The show has done the “keep racing” before, but it’s a smart choice in this instance: it gives the show more time to let the teams interact before one of them goes home, and avoids sending home someone’s favorite team in the first episode (and thus potentially losing them as a viewer before they get hooked on any other teams in the process). It did create some awkwardness, as it was unclear how Kris and Amanda’s U-Turn was going to impact them if the race was actually ending (thus sort of giving away the fact that there would be a continuance), but the end result is a reason to tune in next week beyond one’s knowledge of the teams in question. It’s an acknowledgment that the show can’t simply rely on those pre-existing narratives, and the energy of the race (and perhaps the splendor of HD) made it so they didn’t have time to flashback to their previous exit or their previous race experience too often (I think Jen and Kisha’s water problems was the only example).
For both shows, though, my opinions haven’t been changed: Russell still annoys me, Rob is still fascinating (and fun) to watch play the game, and my favorite teams out of the Unfinished Business cast remain my favorite teams. In both instances, however, these were not the only opinions I had, and the ability for the shows to at least start crafting new narratives suggests that the All-Star presence will not be entirely overbearing – admittedly, I love the Race too much to actually give it up, but the Redemption Island premiere has earned a few episodes despite having given up on Nicaragua.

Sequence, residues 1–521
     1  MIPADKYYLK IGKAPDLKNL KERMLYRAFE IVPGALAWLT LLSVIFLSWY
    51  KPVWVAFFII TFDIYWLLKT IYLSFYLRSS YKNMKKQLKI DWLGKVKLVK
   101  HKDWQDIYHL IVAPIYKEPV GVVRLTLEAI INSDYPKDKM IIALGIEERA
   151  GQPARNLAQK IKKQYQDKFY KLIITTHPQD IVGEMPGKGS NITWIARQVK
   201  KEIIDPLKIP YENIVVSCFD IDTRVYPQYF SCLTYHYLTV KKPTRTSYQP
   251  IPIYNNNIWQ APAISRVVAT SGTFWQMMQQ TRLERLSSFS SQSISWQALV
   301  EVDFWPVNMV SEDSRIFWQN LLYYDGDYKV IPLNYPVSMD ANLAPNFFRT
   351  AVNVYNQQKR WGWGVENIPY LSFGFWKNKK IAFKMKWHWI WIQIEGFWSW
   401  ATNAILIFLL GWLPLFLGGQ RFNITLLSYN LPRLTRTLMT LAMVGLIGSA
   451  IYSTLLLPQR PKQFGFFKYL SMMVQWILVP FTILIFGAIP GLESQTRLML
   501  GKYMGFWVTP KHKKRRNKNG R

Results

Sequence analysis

- I actually quite disliked the Globetrotters during their season, as I found them to be a bit overbearing, but I have to admit that I’ve warmed to them in light of their friendship with Zev and Justin. The latter just make me so genuinely happy that I think it might rub off on the Globetrotters, who were the most blatant about their cheating and thus the most endearing in the process.
- To be honest, I don’t think I’d be so bad in a shark tank so long as I could actually see the sharks. I haven’t had this experience, but for me deep water is terrifying more because of the unknown than because of the actual presence of monstrous beasts. I have to presume these sharks weren’t actually dangerous, but still.
- Of the various teams, it doesn’t seem like any of them have really changed all that much: Mel and Ron both look a bit older, but there hasn’t been any dramatic transformations related to personality, maturity, or appearance. In some cases, this is wonderful; in other cases, not so much.
- Not much more to say on the Survivor premiere, honestly, except that I hope Francesca gets to stick around on Redemption Island for a while. I quite liked her perspective on the game, and thought it was too bad that she had to be the victim of Philip’s insanity.
- I know I will not have time for full coverage of either show as the season goes on, but I’ll probably pop in around midseason to assess how the show has continued to manage the balance of narratives apparent in their premieres, so watch out for that.